Review of Industrial Organization 14: 91–94, 1999.
Industrial Concentration and Performance: A Study of the Structure, Conduct, and
Performance of Indian Industry. Uma S. Kambhampati. Delhi: Oxford Univer-
sity Press, 1996, 212 pages, $25.00.
This study of Indian industry begins by questioning the performance of the 1965
Monopolies and Restrictive Trade Practices Act. The Act was designed to protect
industry from foreign competition while regulating domestic competition. Accord-
ing to Kambhampati, the prevailing perception is that industrial policy has failed
to promote allocative efﬁciency or to account for the dynamic dimension of com-
petition. Kambhampati asks if such a pessimistic view of industry is justiﬁed. The
question is answered with an extensive empirical study of Indian industry. The
study supplements tests based on the traditional, structure–conduct–performance
(SCP) paradigm with tests based on the dynamic, new institutional perspective.
Kambhampati accomplishes this Herculean task in 12 chapters, a mere 212 pages,
much of it consisting of tables and equations. Based on these empirical tests,
Kambhampati concludes that industrial policy has been successful in supporting
efﬁciency but not in curtailing market power. Market power and efﬁciency appar-
ently coexist in India’s highly concentrated industries. As a policy recommendation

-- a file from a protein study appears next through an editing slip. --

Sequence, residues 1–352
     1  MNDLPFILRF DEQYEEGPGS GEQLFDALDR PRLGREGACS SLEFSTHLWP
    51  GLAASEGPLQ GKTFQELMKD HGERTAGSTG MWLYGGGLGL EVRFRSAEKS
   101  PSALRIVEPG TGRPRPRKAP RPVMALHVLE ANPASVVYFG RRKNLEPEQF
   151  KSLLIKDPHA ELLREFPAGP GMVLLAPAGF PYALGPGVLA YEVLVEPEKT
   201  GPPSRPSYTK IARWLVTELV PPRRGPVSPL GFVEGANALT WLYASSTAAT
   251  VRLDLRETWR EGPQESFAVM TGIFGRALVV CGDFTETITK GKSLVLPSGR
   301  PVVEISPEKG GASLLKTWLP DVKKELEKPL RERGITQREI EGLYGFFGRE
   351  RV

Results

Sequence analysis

she suggests Japanese style industrial management where state support for concen-
trated industrial structures is balanced by regulatory oversight. This review brieﬂy
describes the tests and results leading to Kambhampati’s recommendation. Due to
space limitations, my critical comments will be general rather than test-speciﬁc.
The ﬁrst three chapters provide background information. Chapter 1 describes
data sources, limitations and the scope of the study. The data set includes 42 in-
dustries from 1974 to 1985. A subset of 33 industries from 1981 to 1984 is used
when tests require additional information such as capacity utilization and advertis-
ing rates. Chapter 2 presents a succinct overview of the SCP framework followed
by critiques of the framework. Distinguishing characteristics of India’s industrial
environment, such as the level and patterns of demand, institutional environment,
the role of foreign competition, and the role of the state, are described in Chapter
3. The chapter concludes with a review of SCP studies in India.
The remaining chapters are divided into three parts. Part I (Chapters 4 to 7)
examines the determinants of structure as measured by concentration. Chapter 4
calculates concentration ratios (CR). The appendix to Chapter 4 presents an excel-